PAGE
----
The McGuinty Government Repeals a Law While Parliament Is Prorogued

In one of its last acts as a Ministry, the McGuinty Government has promulgated section 20 of the Putting Students First Act and thus secured its repeal — all while the provincial parliament is prorogued and in an intersession.

I still maintain that the Putting Students First Act is unconstitutional, both in principle, and in terms of the poor legislative drafting of sections 20 and 22 which caused the Government to exceed the authority that the Act had delegated to it. The Act may even be unconstitutional for a third reason because it derogates from collective agreements in particular and collective bargaining in general. The Government’s own press releases suggest that certain collective agreements flowed from the Act; if so, logically, the repeal of the Act would also affect, or perhaps nullify, any such collective agreements. I don’t possess any expertise in labour law, so I shall leave this argument to those who know more on the subject.

You can read my full argument in my earlier post, hyperlinked below, on how the Cabinet can now repeal a law while Parliament is prorogued.

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About J.W.J. Bowden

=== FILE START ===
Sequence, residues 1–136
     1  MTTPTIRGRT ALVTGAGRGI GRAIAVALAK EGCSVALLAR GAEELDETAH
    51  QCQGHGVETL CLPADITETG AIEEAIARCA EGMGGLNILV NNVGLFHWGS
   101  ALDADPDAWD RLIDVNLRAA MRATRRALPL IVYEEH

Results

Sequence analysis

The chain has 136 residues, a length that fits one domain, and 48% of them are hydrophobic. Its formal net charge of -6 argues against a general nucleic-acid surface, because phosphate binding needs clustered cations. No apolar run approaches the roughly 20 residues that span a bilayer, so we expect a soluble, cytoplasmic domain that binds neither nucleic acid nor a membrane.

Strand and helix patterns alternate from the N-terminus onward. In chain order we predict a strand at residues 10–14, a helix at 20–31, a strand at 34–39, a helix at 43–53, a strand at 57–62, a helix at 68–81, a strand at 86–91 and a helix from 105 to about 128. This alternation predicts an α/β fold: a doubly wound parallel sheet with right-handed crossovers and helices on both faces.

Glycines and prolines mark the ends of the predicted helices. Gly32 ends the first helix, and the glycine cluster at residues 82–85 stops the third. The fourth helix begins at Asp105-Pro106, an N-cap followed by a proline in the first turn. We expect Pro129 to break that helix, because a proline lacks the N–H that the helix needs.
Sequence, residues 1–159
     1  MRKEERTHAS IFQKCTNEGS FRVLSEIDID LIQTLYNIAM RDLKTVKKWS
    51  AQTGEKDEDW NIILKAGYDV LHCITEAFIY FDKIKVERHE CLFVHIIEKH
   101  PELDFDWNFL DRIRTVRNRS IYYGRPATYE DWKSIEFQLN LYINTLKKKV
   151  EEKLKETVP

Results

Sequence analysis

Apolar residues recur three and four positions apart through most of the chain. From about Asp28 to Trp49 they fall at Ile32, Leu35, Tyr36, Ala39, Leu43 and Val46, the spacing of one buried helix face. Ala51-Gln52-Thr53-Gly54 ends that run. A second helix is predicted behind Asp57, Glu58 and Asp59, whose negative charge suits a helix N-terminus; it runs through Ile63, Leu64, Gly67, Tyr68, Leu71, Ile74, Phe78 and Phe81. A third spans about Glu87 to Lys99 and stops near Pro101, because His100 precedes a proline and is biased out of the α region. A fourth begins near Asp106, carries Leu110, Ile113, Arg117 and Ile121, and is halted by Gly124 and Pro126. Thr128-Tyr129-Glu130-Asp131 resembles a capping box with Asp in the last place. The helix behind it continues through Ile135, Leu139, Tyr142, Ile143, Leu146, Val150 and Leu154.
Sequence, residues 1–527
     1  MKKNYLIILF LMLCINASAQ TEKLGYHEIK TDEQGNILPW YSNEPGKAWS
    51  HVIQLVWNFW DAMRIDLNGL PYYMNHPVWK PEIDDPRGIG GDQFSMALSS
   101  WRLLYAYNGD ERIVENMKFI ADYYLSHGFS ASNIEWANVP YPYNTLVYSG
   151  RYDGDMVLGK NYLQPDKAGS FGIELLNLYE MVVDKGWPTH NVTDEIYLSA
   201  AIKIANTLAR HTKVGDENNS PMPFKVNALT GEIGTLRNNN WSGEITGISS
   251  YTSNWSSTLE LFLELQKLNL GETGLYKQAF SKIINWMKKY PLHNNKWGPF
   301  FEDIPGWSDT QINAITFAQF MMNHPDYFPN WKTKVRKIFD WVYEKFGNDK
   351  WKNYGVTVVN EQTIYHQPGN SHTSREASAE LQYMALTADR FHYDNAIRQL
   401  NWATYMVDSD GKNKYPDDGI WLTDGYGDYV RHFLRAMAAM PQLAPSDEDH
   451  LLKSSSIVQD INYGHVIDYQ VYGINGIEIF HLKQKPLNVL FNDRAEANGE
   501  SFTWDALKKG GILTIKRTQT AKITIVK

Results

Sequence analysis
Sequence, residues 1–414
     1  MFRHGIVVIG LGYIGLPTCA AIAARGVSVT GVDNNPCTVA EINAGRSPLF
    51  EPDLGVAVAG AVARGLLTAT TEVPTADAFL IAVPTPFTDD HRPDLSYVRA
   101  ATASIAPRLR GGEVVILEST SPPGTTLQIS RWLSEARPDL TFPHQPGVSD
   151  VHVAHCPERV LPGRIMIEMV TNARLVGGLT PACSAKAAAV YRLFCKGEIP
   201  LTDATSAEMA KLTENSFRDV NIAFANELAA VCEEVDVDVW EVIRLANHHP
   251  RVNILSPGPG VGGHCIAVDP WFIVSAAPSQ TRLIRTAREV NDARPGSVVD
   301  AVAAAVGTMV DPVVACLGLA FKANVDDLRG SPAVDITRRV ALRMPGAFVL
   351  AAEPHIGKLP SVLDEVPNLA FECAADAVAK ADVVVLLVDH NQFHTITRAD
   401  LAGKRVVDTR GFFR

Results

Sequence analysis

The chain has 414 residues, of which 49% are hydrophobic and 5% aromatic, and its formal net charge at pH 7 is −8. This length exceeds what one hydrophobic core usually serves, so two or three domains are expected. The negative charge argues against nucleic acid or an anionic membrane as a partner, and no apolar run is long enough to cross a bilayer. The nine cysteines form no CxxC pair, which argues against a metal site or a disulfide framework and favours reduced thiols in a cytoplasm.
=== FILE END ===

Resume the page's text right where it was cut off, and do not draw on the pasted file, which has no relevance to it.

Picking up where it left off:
My area of academic expertise lies in Canadian political institutions, especially the Crown, political executive, and conventions of Responsible Government; since 2011, I have made a valuable contribution to the scholarship by having been published and cited extensively. I’m also a contributing editor to the Dorchester Review and a member of the editorial board of the Journal of Parliamentary and Political Law.
This entry was posted in Cabinet's Powers, Crown (Powers and Office), Prorogation, Separation of Powers. Bookmark the permalink.

1 Response to The McGuinty Government Repeals a Law While Parliament Is Prorogued

  1. Cal Rogers says:

    The repeal was of course just optics. I have not followed this too closely but my first thought was if they repealed the bill are all the provisions against strikes etc still in force? Must be else they wouldn’t have repealed in the first place. A shame the gov’t isn’t addressing the real problems with education such as the idea that everyone passes, no accountability etc.


I invite reasonable questions and comments; all others will be prorogued or dissolved.

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